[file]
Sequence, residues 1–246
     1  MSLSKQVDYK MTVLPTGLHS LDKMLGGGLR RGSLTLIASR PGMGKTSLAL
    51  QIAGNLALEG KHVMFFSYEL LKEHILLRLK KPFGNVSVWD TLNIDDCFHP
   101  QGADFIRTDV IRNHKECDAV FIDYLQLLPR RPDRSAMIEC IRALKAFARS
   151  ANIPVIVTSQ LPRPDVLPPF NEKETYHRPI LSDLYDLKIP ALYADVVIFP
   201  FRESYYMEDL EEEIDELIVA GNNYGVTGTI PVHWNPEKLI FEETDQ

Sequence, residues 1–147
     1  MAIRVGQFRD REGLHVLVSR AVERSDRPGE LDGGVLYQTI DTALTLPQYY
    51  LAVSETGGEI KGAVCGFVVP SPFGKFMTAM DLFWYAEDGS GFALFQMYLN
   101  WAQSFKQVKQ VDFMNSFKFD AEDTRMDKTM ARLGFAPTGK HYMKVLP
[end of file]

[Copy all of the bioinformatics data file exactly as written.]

Sequence, residues 1–246
     1  MSLSKQVDYK MTVLPTGLHS LDKMLGGGLR RGSLTLIASR PGMGKTSLAL
    51  QIAGNLALEG KHVMFFSYEL LKEHILLRLK KPFGNVSVWD TLNIDDCFHP
   101  QGADFIRTDV IRNHKECDAV FIDYLQLLPR RPDRSAMIEC IRALKAFARS
   151  ANIPVIVTSQ LPRPDVLPPF NEKETYHRPI LSDLYDLKIP ALYADVVIFP
   201  FRESYYMEDL EEEIDELIVA GNNYGVTGTI PVHWNPEKLI FEETDQ

Sequence, residues 1–147
     1  MAIRVGQFRD REGLHVLVSR AVERSDRPGE LDGGVLYQTI DTALTLPQYY
    51  LAVSETGGEI KGAVCGFVVP SPFGKFMTAM DLFWYAEDGS GFALFQMYLN
   101  WAQSFKQVKQ VDFMNSFKFD AEDTRMDKTM ARLGFAPTGK HYMKVLP